I have since re-read, quite carefully, the Introduction to the book - No, I've not yet done any modeling there, because I believe this will be possible only when I've at least started studying 'Foundations'. I HAVE made a fair start on 'reading through' "Foundations" - Type Theory; Type Theory Vs. Set Theory; Function Types; Category Theory; etc, etc. (I recall, from my grad school days, that Category Theory used those days to be considered to be a most abstract and perhaps a most advanced topic!!)
I've also read (and listened to) the talk on "Univalent Foundations" by Vladimir Voevodsky.
As noted in an earlier post, some of it is pretty hairy stuff (in particular when I look at some of the 'exercises' in the book). I'm also sure I'll not succeed in 'studying HOTT as a discipline' (with modeling) UNLESS I am guided by someone who's reasonably expert with HOTT. Let's see how it goes.
I believe that the real impact of HOTT will not be just to enable "all mathematicians routinely do all their work in machine readable form and work collaboratively off github. Russel' dream realizedm etc, etc"... I believe HOTT's real impact will be to enhance the 'development of the foundations of math' (much more than is possible by earlier approaches), AND also to help enable people at large (Mr John Doe and Ms Mary Doe) to appreciate and understand AND use math much more effectively than they have been able to do in the past. As I've earlier tried to make clear, this is precisely what OPMS tries to do - perhaps I may be able to interest some HOTT person in this kind of thing as a worthwhile thing to do? Let's see.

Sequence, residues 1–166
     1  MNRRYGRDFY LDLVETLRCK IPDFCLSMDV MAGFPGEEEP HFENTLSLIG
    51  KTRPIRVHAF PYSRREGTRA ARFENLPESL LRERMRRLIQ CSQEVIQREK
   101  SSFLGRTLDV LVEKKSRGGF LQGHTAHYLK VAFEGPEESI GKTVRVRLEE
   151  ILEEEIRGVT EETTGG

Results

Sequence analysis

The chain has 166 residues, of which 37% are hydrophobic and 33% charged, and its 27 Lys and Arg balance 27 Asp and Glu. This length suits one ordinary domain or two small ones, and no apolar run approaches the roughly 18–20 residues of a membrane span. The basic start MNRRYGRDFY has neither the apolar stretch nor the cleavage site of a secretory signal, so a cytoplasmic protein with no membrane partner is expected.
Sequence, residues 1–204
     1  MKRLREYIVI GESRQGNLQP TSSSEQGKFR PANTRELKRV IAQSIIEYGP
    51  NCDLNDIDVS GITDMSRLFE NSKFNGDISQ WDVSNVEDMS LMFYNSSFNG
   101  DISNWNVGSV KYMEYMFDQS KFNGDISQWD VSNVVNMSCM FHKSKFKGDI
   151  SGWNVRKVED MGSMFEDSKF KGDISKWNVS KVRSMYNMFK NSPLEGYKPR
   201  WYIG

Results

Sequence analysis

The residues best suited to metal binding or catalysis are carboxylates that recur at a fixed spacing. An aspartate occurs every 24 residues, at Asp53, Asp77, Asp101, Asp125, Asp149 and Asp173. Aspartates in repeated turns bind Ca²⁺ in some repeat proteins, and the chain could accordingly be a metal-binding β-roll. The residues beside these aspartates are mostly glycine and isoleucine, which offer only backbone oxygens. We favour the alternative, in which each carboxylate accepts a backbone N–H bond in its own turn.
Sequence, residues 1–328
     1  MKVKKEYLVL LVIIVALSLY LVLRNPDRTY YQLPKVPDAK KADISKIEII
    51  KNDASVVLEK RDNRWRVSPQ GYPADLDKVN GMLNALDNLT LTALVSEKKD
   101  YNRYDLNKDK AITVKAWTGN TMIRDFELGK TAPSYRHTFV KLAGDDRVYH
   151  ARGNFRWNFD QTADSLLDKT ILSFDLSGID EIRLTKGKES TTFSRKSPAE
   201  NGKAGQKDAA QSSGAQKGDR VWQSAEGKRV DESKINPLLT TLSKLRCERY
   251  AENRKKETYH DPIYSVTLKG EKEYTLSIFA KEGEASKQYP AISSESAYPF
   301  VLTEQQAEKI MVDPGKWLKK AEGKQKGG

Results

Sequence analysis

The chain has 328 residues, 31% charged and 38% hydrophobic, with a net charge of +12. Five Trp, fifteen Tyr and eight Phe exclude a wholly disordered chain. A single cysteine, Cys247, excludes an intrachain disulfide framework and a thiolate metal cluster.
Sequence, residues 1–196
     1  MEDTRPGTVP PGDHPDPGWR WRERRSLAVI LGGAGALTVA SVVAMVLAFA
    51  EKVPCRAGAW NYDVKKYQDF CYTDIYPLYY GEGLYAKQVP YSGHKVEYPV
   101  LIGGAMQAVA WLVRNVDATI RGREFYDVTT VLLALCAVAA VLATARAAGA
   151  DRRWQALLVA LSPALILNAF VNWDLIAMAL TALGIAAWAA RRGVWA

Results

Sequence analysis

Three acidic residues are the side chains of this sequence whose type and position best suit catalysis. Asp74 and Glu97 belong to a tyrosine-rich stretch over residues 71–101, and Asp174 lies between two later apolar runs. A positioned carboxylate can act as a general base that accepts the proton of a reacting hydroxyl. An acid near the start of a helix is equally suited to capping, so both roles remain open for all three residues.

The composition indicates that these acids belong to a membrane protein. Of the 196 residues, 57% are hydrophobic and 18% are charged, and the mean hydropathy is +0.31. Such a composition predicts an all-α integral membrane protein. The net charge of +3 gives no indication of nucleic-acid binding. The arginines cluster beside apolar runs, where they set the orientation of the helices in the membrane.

However, I DO believe that the 'structures' (the 'higher-level models') within OPMS would help clarify several of the issues in HOTT. Hopefully, I shall be able to convince someone accordingly at 'The Univalent Foundations Program'. As noted, let's see how it goes.